Listeners who remember Joel Frahm’s saxophone playing from two decades ago are in for a surprise. He is about to embark on a tour of Europe as leader of a trio. In England he will be at PizzaExpress (Soho) on 27 April and at Seven Arts Leeds on 28 April. Preview/interview by Charles Rees:
Fans who remember American saxophonist Joel Frahm for the kind of roles he had twenty years ago are in for a surprise. He worked with Jane Monheit for several years and is on her “Rainbow Room DVD” (recorded 2001). In the same year a remarkable duet album with Brad Mehldau, Don’t Explain, was released. The pianist and the saxophonist knew each other from their teenage years onwards, and Mehldau writes elegantly about that experience HERE.
As Mehldau writes: “When I think of Joel, I think of his sound on the tenor, big and generous, very warm and comfortable, […] just getting to the heart of the song, with all its sadness and resignation, immediately, from the first note.”
In other words, Frahm’s status as a hugely inventive improviser and as a masterful technician of his instrument has never been in doubt, and yet, despite his imposing height, it is as if he seems to prefer to play in the shadows.
In our interview, we talked about that and how it has affected him: “I was never really much of a leader – not beyond the local gigs I was doing in New York. Becoming a leader in the sense of touring and writing my own compositions, and learning to do this on a larger scope, that’s come a little later and it was never initially my strength.”
These memories are things of the past, but the contrast they represent with Frahm as he is today, in his most recent album, The Bright Side, is striking. Now in his early 50s, Frahm is a confident, assertive and dominant bandleader in the mould of a Chris Potter, with a compelling set of music that he mostly composed himself.
When asked what brought about this change, he explained; “As I’ve gotten older, I’ve gotten to the point, I would say in the last five years or so, where I don’t care as much what other people think of my playing anymore.” He went on to describe how this has relaxed him when performing; that he no longer feels the need to ‘prove’ himself every time out…
In The Bright Side, Frahm has followed in the line of other great sax-led trio records: Sonny Rollins, Way Out West; Joe Henderson, State of the Tenor; Steve Grossman, Way Out East (he opted for a trio with just bass and drums).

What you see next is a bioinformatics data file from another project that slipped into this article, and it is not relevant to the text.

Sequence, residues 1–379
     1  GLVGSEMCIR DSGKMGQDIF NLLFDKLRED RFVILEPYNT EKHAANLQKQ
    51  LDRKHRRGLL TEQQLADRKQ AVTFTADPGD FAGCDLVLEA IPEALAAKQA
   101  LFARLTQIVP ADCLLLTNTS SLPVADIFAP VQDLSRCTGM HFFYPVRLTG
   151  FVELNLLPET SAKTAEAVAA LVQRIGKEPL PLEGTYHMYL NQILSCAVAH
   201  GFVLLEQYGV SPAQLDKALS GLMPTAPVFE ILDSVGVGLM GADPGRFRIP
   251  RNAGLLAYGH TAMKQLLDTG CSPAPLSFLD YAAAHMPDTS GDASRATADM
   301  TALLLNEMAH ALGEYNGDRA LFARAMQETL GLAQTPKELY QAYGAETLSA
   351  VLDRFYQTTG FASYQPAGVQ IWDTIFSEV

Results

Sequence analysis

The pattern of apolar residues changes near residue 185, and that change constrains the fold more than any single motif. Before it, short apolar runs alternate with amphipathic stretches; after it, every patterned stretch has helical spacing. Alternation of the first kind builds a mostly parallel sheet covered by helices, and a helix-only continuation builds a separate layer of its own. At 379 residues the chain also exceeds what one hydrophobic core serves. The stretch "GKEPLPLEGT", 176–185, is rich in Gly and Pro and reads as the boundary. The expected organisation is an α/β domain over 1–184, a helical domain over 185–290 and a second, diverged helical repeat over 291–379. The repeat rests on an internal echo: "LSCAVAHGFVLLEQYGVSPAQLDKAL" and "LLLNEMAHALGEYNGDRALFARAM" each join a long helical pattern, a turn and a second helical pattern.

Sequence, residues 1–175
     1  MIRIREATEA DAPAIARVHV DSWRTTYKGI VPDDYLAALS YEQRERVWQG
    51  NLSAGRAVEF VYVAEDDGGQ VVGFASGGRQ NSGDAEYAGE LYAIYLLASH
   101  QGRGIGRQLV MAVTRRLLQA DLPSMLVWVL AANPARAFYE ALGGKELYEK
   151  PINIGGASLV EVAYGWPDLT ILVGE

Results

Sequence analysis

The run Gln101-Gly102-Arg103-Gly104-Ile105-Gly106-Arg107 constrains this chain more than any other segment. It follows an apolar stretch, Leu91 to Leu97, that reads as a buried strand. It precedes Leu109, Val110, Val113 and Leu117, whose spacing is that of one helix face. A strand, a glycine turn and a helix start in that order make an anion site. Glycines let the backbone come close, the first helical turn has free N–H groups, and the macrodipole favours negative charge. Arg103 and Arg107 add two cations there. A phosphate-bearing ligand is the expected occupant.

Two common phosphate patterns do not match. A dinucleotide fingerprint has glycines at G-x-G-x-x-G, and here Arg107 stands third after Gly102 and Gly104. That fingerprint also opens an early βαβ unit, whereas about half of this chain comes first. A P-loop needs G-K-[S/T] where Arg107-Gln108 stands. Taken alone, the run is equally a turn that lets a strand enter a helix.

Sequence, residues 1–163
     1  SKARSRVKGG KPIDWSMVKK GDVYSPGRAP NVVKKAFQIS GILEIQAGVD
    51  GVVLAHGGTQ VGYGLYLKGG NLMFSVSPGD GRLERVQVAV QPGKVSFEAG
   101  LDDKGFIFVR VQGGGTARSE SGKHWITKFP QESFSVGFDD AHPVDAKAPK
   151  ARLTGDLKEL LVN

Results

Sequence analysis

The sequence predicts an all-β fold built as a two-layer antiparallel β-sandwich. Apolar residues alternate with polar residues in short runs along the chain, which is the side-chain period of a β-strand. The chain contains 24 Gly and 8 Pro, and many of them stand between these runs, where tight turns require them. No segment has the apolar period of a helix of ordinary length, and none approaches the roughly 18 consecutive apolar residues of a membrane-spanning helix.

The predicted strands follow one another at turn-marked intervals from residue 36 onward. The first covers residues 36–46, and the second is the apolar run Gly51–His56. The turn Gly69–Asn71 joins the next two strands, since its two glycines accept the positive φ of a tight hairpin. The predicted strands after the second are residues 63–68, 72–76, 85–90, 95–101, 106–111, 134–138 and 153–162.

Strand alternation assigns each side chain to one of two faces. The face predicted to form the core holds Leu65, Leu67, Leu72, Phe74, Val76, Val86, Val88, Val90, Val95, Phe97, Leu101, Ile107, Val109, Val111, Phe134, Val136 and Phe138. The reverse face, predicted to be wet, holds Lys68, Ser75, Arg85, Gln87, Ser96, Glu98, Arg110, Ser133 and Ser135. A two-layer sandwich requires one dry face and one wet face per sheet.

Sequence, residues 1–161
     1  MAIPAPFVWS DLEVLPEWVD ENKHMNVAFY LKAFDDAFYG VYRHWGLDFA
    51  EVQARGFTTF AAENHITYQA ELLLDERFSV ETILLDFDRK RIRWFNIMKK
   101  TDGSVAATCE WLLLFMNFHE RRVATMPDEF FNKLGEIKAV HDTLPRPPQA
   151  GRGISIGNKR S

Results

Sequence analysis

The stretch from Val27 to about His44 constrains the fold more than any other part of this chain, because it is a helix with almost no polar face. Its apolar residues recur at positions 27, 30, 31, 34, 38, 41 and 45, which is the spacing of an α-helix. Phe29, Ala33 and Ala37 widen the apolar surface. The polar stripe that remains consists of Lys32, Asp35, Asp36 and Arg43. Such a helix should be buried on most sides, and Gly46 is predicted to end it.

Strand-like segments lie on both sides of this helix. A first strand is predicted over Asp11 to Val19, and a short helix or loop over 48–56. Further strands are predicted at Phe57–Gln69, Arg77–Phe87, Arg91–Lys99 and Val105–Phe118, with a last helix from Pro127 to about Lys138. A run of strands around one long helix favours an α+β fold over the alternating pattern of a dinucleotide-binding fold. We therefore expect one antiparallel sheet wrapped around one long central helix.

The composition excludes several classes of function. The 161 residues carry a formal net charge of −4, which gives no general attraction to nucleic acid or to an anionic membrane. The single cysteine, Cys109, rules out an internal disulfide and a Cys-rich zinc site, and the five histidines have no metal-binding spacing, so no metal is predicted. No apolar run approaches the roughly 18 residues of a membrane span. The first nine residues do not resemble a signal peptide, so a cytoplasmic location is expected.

The former is provided by Dan Loomis, the latter by Canadian-born Ernesto Cervini, and both supply a few of their own compositions to the set. This configuration absolutely needs strong musicians, with additional responsibilities falling on all of them in the absence of a chordal instrument. These three musicians are certainly equal to the challenge.
Tunes like Frahm’s “Blow Papa Joe” and Dan Loomis’ “X Friends” exemplify what makes this album such a breath of fresh air: The former is a based on the chords of Joe Henderson’s “Inner Urge” and the latter is a take on the standard “Just Friends”. They include such contrafacts in the set, just as Charlie Parker often did and Jerry Bergonzi continues to do, but which seem to be a rarity in modern British jazz. Frahm explained his reasoning for their inclusion; “For me it’s a writing aid, because if you start with a set of chord changes you’re giving yourself a canvas to create on that has some direction to it already. It’s almost like writing bebop…but slowly [laughs].”
In this repertoire Frahm demonstrates an obvious reverence for jazz’s lineage and his specific influences, which notably include Johnny Griffin, Joe Henderson and Chris Potter. The album has a raw, live element to it; it was recorded ‘as live’ on one day, with no multi-tracking or effects. It is the kind of pure, unashamed jazz one would expect to hear in a club such as one of Frahm’s regular haunts, Small’s in New York.
Frahm says this: I think people should come out because this is something that holds elements of the tradition: it’s really gonna swing, there’s gonna be a lot of blues… It’s really a fun band, very interactive, very spirited, there’s never sense of anyone mailing it in on these gigs. In every gig we do, everyone brings everything to it every time, so, if people come and see us play, they’re definitely gonna go home with something they remember.”
The message is clear: go and hear this exciting trio in concert at the end of the month.
LINKS: Joel Frahm’s website
BOOKINGS: PizzaExpress (booking link)
Seven Arts Leeds (booking link).